Australian media organisations and journalists went on trial yesterday on charges they breached a gag order on reporting about Cardinal George Pell’s sexual abuse convictions in 2018 that have since been overturned. Source: Crux.
A total of 18 individual journalists, editors and broadcasters face potential prison sentences and 12 organisations face fines if they are found guilty in the Victoria state Supreme Court of breaching a judge’s suppression order on Cardinal Pell’s case. They have all pleaded not guilty.
Judge John Dixon is hearing the trial without a jury and via video links due to pandemic restrictions. The trial is expected to take two to three weeks.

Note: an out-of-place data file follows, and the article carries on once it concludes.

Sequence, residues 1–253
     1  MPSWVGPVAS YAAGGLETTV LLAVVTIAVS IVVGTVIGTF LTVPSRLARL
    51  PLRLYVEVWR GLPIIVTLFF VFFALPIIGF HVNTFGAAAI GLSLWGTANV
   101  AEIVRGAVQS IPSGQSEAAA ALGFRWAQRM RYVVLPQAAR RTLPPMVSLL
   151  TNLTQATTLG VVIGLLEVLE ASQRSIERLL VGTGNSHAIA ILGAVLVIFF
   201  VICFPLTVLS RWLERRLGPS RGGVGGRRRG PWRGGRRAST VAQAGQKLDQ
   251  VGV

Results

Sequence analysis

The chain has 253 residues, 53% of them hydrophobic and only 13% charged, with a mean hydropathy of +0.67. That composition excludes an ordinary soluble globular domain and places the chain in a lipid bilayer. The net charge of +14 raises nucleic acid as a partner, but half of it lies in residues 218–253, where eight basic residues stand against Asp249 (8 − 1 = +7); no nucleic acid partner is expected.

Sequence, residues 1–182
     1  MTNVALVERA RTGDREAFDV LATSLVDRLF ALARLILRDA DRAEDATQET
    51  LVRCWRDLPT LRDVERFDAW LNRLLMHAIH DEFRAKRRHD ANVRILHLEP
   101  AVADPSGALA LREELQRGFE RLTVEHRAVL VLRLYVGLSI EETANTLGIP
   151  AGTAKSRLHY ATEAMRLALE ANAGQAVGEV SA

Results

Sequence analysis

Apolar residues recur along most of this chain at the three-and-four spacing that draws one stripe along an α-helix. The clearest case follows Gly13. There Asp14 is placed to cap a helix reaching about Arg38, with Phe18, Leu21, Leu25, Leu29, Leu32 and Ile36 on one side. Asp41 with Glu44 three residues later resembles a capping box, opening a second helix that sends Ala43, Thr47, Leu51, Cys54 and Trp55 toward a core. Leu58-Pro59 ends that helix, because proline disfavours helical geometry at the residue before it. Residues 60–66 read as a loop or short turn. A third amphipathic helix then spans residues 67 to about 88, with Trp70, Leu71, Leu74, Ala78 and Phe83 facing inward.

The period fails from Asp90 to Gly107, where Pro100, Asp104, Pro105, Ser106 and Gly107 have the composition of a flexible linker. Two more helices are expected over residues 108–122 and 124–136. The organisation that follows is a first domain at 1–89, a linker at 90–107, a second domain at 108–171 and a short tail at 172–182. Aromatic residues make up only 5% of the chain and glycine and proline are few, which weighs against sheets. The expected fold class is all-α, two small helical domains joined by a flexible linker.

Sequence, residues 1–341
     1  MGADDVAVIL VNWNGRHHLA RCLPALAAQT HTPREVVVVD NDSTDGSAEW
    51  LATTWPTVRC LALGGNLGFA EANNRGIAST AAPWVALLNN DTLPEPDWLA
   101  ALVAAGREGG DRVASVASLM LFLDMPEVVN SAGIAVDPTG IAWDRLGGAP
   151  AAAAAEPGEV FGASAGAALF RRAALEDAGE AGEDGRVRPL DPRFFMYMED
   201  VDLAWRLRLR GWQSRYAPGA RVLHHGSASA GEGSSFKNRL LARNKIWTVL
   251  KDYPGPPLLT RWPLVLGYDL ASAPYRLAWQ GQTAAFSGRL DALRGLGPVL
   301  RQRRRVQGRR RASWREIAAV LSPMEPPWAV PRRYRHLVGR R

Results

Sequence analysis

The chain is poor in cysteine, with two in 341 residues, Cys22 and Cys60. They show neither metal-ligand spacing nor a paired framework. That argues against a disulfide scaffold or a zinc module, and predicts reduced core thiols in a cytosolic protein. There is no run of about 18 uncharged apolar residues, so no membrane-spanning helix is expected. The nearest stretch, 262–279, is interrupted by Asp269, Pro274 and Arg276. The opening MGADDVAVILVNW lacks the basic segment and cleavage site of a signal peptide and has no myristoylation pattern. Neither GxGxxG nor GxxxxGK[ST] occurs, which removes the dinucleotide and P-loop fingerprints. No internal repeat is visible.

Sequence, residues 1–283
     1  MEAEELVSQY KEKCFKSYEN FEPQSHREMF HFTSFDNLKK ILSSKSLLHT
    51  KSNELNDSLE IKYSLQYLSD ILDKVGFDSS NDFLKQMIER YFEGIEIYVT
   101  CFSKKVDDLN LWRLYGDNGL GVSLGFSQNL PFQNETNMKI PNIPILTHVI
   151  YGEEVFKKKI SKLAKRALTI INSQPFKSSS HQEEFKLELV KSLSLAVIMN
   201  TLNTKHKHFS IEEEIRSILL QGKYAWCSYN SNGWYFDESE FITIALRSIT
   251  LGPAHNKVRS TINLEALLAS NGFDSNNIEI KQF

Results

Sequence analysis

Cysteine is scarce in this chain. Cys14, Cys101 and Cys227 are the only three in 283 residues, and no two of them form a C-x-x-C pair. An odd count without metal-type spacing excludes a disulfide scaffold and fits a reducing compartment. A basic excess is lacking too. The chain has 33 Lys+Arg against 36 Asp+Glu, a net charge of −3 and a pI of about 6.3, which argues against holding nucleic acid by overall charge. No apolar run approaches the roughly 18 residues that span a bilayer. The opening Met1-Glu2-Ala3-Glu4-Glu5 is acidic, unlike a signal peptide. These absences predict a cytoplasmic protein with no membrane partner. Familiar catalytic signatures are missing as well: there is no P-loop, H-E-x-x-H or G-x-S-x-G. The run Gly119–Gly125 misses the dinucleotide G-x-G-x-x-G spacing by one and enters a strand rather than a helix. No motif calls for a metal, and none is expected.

Such suppression orders are common in the Australian and British judicial systems. But the enormous international interest in an Australian criminal trial with global ramifications highlighted the difficulty in enforcing such orders in the digital age.
Cardinal Pell was convicted on December 11, 2018, of sexually abusing two choirboys in the 1990s. The High Court quashed all convictions in April, after Cardinal Pell spent 13 months in jail.
The 2018 trial had not been reported in the news media at the time because of a suppression order that forbid publication of details in any format that could be accessed from Australia. Details were suppressed to prevent prejudicing jurors in a second trial that Cardinal Pell was to face three months later. That second trial was cancelled due to a lack of evidence.